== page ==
The bunting: It's not just the playground with blocked paths. A number of borders and cut-throughs in the eastern half of the park now have bunting draped across in an attempt to stop park users from taking a shortcut. A fortnight ago there were a few but now there are a lot more, in the hope that flimsy flags on string will protect the borders and plantlife beyond. The borders are *nothing* compared to how pretty they were this time last year, but it's the same problem as back then, as punters on desire line paths engage in thoughtless trampledown across the site. And I'm sorry, but I blame the Olympic Park's designers. They created an attractive network of twisting paths and elevated lawns, but entirely failed to include sufficient routes to get from one to the other. Sorry, but parkgoers aren't all going to behave like angels and walk round the long way, not when there's a four minute shortcut down a sloping bank. Some of the dead ends exist because not all of the park is open yet, so we can forgive those, but others appear to be deliberate, and there's one major dogleg near the northern bridge which pretty much urges you to continue straight on. With no security to watch over them, some pleasant corners of QEOP will be eroded fast.

The tour: Remember the Blue Badge tours which set off from Bromley-by-Bow every morning before the Games to show visitors the Olympic Park from the Greenway? They're still running, but now they leave from Pudding Mill Lane and the guides lead the tour inside the Olympic Park instead. I've never been on one to give a recommendation, but the itinerary suddenly got a whole lot better.
The festival: QEOP will be sealed off next weekend for the Lollibop festival, which is essentially Lovebox for under 10s, and features appearances from Postman Pat, Rastamouse and Peppa Pig. Family tickets cost in the order of £100, so I'd recommend going to Hackney Wick instead for the free (and fantastic) Hackney Wicked festival. Strongly recommend, in fact, if you like edge and art and studio cool.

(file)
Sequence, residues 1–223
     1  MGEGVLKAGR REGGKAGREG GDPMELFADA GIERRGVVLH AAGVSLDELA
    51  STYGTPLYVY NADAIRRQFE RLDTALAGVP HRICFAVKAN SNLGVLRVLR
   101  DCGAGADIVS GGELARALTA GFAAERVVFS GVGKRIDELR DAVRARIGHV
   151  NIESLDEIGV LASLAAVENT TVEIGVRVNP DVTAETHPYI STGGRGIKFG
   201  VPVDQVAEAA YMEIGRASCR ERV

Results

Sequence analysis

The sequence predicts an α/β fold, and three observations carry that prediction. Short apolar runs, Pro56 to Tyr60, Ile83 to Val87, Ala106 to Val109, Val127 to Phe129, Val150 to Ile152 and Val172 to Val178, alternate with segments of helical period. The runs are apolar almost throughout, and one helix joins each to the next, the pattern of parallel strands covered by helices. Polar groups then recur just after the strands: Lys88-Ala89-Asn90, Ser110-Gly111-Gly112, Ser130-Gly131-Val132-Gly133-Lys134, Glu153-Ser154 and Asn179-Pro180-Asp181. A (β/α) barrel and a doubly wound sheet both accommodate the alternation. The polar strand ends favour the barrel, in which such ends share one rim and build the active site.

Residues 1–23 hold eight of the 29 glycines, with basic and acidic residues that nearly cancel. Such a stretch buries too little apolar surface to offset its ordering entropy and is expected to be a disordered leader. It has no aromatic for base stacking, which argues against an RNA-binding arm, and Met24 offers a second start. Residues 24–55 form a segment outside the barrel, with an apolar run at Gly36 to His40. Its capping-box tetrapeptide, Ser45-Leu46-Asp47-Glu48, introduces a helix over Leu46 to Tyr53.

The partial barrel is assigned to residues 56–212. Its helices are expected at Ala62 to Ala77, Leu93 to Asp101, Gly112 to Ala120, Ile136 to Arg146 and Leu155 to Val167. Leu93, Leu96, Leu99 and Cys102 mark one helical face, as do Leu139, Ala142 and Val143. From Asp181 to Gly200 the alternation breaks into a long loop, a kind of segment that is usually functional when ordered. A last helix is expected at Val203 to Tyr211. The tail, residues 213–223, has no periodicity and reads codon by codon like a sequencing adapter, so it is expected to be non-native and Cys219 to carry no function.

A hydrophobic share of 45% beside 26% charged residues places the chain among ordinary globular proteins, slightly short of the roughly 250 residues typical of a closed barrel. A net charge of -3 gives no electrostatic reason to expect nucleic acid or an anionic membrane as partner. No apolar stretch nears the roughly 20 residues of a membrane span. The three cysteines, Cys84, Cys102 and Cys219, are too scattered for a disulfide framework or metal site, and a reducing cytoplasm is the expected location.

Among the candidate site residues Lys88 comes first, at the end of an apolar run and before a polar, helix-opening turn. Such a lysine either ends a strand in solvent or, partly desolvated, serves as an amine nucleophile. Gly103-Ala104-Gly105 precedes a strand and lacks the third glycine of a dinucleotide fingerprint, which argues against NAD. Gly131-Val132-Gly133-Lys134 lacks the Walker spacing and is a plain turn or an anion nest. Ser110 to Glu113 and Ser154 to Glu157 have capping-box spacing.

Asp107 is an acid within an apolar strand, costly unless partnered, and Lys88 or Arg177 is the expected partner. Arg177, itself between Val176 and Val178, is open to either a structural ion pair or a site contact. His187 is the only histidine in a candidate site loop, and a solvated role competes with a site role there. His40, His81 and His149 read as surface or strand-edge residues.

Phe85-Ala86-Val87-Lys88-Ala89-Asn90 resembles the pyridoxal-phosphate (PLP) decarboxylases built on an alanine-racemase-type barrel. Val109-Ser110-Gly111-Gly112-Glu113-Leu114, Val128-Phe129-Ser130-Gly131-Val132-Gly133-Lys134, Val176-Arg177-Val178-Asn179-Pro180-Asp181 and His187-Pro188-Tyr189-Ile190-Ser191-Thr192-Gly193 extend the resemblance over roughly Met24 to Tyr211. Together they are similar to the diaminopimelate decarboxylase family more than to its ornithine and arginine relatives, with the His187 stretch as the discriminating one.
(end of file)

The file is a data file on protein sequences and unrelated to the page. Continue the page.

The bus: Hurrah, the 588 bus now stops outside the Copper Box in both directions. What's more, the bus stops are actually being used. Outside the park I spotted a bunch of families with a number of kids waiting for a bus to ride to Stratford, and clambering aboard took at least a minute. It might even take off, this short hop to the park.
The train: Instead I arrived via Stratford station, where the signs still send you out the long way, then disappear outside the entrance to Westfield. They pick up again if you spot the escalator, then it's a long yomp. It took me just over 15 minutes to get from the platform to the park, and that was yomping fast.

Biking in from Hackney Wick: Good news! All the security guards between the White Post Lane and the Park have disappeared, or at least they had yesterday afternoon. Now you can cycle in without some jobsworth telling you to get off and walk. Indeed now you can cycle all the way through from Hackney Wick to Stratford for the first time in six years. Sounds good to me.
Driving in from Hackney Wick: Also the gates at White Post Lane have fully opened, so anyone with a car can drive in via the same route as the bikes, through the edge of the QEOP building site and up to the park entrance. You can't park and go for a picnic, heaven forbid, but you could drive on quickly and easily to Westfield. I wonder how long it'll take before word gets out and the traffic jams appear.